Law enforcement officers have arrested a suspect in connection with a bomb threat that caused the Boyle County Courthouse to be evacuated Tuesday morning.
Sheriff Marty Elliott said deputies have arrested Monty Bryant Jr., 46, of Aspen Drive in Danville for his involvement in what turned out to be a false bomb threat called into a 911 dispatcher about 8:10 a.m. Bryant will initially be charged with first degree terroristic threatening.
Police have a second person of interest in the case, Elliott said.
The courthouse was evacuated shortly after the threat, which Elliott said had to be considered credible in part because a government building was the potential target.
Elliott said he located Bryant on a bench near the Subway restaurant across the street from the courthouse about 9 a.m. He and other law enforcement officers questioned Bryant and found enough probably cause to make arrest.
Bryant was scheduled to appear in district court at 9 a.m. Monday on a charge of operating a motor vehicle under the influence and driving on a DUI suspended license.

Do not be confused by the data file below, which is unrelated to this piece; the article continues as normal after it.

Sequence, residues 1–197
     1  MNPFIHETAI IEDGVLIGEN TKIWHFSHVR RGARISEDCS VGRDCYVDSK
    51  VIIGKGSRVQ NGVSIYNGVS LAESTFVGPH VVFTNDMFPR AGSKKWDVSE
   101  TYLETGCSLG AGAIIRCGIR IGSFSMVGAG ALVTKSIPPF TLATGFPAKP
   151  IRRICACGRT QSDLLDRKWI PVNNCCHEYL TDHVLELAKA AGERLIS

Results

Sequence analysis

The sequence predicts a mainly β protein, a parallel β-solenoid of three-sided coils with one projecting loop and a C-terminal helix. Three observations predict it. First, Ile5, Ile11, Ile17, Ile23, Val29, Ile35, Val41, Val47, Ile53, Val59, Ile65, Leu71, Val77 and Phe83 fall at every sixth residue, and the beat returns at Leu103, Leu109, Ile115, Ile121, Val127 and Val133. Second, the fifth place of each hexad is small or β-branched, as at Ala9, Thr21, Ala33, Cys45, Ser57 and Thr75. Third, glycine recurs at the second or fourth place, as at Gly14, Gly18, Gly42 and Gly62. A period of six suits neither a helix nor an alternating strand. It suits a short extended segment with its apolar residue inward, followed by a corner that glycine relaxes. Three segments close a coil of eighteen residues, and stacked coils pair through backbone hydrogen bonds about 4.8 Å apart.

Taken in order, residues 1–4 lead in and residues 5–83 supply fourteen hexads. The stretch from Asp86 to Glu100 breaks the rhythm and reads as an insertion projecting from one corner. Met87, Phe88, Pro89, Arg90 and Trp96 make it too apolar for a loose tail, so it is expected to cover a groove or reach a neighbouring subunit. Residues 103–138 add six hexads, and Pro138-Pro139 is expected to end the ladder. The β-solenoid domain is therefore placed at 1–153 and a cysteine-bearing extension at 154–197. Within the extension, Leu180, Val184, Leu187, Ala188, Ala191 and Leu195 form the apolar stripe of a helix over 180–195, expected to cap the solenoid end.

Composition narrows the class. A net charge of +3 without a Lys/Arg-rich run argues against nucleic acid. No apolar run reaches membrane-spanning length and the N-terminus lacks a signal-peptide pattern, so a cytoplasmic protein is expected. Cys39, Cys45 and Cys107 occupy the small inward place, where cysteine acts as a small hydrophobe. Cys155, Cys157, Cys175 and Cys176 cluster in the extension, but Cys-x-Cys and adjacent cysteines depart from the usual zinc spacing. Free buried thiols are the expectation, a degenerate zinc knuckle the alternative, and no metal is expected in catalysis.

The courthouse was opened to personnel shortly after 11 a.m. and was scheduled to open to the public at 1 p.m.
A Boyle Fiscal Court meeting set for 10 a.m. was moved to 1 p.m. The district court dockets scheduled for the morning were rescheduled for next Tuesday, Sept. 18.
In a brief conversation with a dispatcher at the 911 Center, the caller, now believed to be Bryant, said an explosive device was programmed to detonate at 10 a.m. Elliott declined to comment on the motive for the call and said he didn’t know whether it was related to Bryant’s scheduled court appearance.
Following the threat, workers spilled out of the courthouse and the surrounding parking lots as police and fire personnel set up a perimeter around the building. Danville Fire Department established the perimeter based on what Elliott said would likely be a small device if one had in fact been planted.
Danville firefighters, Boyle deputies and Danville officers assisted the Kentucky State Police with a manual search of the building. The first team went into the building about 9:45 a.m. and the building was cleared about 11 a.m.
A bomb-sniffing dog unit was on standby in case the search turned up anything suspicious.
Officers conducted a manual search of the building while waiting for a Kentucky State Police bomb squad to arrive.
It is not certain whether the threat was related to the anniversary of the deadliest ever terrorist attacks on American soil Sept. 11, 2001.
“In this day and age, when you get a bomb threat like this to a building like this, you have to treat it like there is one,” Elliott said. “In that way, we see it as a credible threat.”